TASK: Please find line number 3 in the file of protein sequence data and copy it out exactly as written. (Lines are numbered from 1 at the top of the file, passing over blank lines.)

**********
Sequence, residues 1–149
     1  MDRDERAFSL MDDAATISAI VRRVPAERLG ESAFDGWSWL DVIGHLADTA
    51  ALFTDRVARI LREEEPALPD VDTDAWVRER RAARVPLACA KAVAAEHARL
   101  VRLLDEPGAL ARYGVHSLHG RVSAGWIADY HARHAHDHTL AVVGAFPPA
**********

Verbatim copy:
    51  ALFTDRVARI LREEEPALPD VDTDAWVRER RAARVPLACA KAVAAEHARL